Clean Tech

Unlock the economy but not pollution

Preeti Mehra | Updated on September 08, 2020 Published on September 08, 2020

Sustain the action Breathing easy shouldn’t be a short-lived reality   -  AntonioGuillem

For the last few months we have had clear skies and clean air in most of our cities. We need tomake it last

Monday was United Nation’s first International Day of Clean Air for Blue Skies. There is no denying that for the last few months we have had clear skies and clean air in most of our cities — the same cities that previously reeled under severe air pollution and smog. But we have achieved this for all the wrong reasons — thanks to the Covid-19 pandemic and a halt in economic activities. But was breathing easy a short-lived reality?

With the opening up of commercial establishments and easing of the lockdown, air quality is once again showing signs of deterioration. The increase in city traffic, the onset of winter, and little sign of the coronavirus pandemic abating do not augur well for the health of the population. To achieve “blue skies” and “a right to breathe clean air” in the long term and for the ‘right’ reasons, there is still a long way to go despite the fact that some policies towards this have been put in place over the years.

To commemorate International Day of Clean Air for Blue Skies, several cities in India have joined a global pledge promising greater action to improve air quality. In the pledge, the cities acknowledge that breathing clean air is a fundamental human right and there is need to enhance stakeholder engagement for this at all levels. They commit “to promote and facilitate actions to improve air quality.” The cities that signed up include Bhuj, Dalhousie, Gangtok, Jamnagar, Kanpur, Kochi, Kurseong. Lucknow, Mandi, Nagpur, Panaji, Patna, Port Blair, Rajkot, Shimla, Siliguri, Surat, Thane, Thiruvananthapuram and Udaipur. While many of them are in midst of active clean air programmes, others would be looking to formulate initiatives to be rolled out in the future.

The pledges primarily need to be seen in the context of the commitment India made in January 2019 when it launched its National Clean Air Programme (NCAP) to prevent, control and reduce air pollution and improve air quality monitoring across the country. The aim was to reduce fine particulate (PM2.5) and particulate (PM10) air pollution by 20 per cent to 30 per cent by 2024 and formulate city-specific action plans for it.

Later, in July 2019, the country formally joined the Climate & Clean Air Coalition (CCAC), a worldwide partnership among countries, businesses, scientific institutions, civil society, and intergovernmental organisations for “catalysing concrete, substantial action to reduce Short-Lived Climate Pollutants, including methane, black carbon and many hydrofluorocarbons.” This would lead to better air quality, improving the health of the population and preventing more than 2.5 million premature deaths from air pollution every year.

So, what have the cities been up to in combating air pollution? With the situation getting worse every year, cities like Delhi, Mumbai and Pune put it place the Air Quality Index (AQIs) monitoring systems a few years ago. In 2018, Ahmedabad was the first to formulate an Information and Response Plan (AIR) to support the AQI. This increased focus on action by communicating health risks, preparing response co-ordination for vulnerable people and preparing for contingencies.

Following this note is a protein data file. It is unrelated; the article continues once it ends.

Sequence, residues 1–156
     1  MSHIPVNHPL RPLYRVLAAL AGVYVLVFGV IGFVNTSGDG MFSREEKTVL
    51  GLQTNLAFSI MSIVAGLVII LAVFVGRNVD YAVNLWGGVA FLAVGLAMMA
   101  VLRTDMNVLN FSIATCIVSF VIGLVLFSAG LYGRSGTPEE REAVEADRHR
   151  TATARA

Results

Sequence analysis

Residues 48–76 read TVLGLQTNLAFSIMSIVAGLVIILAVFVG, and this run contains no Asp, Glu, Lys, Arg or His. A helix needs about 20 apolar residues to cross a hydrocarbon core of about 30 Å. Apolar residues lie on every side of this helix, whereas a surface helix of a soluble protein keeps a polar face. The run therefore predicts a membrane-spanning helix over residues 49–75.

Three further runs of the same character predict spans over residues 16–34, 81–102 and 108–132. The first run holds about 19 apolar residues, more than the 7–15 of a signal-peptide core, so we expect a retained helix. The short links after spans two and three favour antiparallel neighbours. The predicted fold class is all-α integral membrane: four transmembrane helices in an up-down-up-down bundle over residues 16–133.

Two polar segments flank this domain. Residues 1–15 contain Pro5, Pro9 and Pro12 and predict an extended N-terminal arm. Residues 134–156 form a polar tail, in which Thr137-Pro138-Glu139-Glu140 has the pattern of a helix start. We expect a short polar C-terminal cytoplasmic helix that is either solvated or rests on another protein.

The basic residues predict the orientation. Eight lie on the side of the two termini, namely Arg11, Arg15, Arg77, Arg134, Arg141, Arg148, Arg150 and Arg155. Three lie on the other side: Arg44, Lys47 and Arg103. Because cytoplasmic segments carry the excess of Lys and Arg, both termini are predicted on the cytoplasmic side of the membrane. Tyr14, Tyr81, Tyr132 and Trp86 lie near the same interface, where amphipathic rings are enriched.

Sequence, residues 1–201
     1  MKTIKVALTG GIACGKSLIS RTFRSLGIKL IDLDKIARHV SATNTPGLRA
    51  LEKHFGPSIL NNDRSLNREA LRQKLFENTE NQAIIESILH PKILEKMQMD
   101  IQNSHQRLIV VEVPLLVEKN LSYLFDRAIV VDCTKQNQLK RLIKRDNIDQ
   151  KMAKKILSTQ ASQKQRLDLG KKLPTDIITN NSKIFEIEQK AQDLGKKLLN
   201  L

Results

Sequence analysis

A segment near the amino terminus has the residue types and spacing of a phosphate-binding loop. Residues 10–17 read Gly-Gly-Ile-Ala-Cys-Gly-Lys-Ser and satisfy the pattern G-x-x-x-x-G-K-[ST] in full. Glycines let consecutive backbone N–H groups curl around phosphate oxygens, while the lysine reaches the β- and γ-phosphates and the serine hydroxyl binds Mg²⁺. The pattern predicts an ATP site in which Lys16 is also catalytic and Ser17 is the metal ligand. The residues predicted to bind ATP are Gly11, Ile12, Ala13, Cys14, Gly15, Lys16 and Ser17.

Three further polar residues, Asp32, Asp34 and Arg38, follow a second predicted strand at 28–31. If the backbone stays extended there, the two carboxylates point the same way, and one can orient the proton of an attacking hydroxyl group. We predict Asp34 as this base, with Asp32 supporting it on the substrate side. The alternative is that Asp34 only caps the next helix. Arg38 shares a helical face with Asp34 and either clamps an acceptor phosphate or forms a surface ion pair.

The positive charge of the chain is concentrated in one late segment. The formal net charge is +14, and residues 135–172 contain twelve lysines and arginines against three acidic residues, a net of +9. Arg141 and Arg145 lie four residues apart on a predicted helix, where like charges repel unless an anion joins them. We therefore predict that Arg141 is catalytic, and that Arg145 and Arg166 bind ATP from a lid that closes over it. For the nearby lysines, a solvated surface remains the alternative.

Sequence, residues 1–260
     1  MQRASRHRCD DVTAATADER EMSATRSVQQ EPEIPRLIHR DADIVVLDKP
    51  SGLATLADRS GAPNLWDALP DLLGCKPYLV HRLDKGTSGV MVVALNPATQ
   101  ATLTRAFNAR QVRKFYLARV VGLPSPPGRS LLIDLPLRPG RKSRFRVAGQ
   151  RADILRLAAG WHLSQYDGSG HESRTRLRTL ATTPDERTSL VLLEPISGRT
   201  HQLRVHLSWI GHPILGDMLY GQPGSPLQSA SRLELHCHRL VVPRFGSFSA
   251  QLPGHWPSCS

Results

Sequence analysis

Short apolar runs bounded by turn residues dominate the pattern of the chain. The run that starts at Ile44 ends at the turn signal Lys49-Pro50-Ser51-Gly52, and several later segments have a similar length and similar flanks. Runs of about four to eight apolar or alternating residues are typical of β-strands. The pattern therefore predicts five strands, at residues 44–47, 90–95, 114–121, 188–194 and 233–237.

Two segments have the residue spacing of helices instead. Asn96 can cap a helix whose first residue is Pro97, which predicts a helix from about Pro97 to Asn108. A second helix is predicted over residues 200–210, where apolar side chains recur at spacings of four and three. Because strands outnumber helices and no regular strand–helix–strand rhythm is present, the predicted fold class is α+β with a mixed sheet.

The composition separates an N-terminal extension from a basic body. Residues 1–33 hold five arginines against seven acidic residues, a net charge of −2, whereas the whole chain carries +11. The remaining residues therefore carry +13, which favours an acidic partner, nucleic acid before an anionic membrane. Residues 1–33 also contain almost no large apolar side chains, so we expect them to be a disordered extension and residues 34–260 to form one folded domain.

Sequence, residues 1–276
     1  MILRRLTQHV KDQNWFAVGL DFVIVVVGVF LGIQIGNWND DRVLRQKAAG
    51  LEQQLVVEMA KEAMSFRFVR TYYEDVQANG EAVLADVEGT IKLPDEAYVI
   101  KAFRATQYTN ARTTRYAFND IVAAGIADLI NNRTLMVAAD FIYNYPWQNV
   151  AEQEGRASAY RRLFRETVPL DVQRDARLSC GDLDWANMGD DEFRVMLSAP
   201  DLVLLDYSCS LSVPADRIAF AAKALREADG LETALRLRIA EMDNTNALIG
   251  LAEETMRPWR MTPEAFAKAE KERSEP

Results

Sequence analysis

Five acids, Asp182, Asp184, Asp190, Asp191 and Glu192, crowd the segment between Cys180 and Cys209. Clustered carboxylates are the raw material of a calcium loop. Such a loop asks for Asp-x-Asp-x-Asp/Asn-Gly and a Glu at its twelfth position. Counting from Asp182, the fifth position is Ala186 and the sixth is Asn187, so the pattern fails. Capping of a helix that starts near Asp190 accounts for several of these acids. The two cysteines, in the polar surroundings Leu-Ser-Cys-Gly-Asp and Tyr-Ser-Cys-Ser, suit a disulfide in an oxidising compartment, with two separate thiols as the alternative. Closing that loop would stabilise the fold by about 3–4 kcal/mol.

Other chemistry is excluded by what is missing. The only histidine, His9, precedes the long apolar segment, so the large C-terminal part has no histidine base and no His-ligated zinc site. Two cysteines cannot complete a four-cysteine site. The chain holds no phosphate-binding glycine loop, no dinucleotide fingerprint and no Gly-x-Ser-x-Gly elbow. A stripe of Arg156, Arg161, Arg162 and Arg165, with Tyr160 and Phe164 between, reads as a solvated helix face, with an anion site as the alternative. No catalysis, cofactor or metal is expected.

ICLEI South Asia, which works with several Indian cities to improve their ecology parameters, has also established ambient air quality monitoring stations in Rajkot, Coimbatore, Udaipur and Siliguri through its Capacity Building for Low Carbon and Climate Resilient City Development in India (CapaCITIES) project. Through the same project, Udaipur will also receive a clean air action plan.

All these should help the cities monitor their air quality parameters on daily basis and plan actions based on the same. United Nations Environment Programme (UNEP) is also working with the government to find clean air solutions in Agra, the Taj Mahal tourist hot spot.

Towards EV, green freight

Air monitoring, however, is only one step. The major sectors that contribute to air pollution are transport, industry, and construction. Apart from this burning of biomass, refuse and re-suspension of road dust are major polluters. Hence, initiatives to promote electric vehicles for public and private purposes and to encourage green freight could go a long way.

ICLEI, for instance, has been involved in Project Ecologistics primarily to promote low-carbon freight movement in the three cities of Kochi, Panaji and Shimla.

The Natural Resources Defense Council (NRDC) has also been working with States such as Delhi, Telangana and Gujarat to encourage electric vehicle infrastructure through policy intervention. It feels only economic and policy drivers can help to scale up electric vehicle market for 2-wheelers, 3-wheelers, ride-hailing vehicles, and private buses. This, in turn, should have a positive impact on air quality in the long run.

Emani Kumar, Deputy Secretary General, ICLEI, and Executive Director, ICLEI South Asia, sums up the challenge ahead succinctly: “We have been seeing blue skies in our cities, thanks to the lockdown. But such short-term environmental benefits are no substitute for planned and sustained action.”

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Published on September 08, 2020
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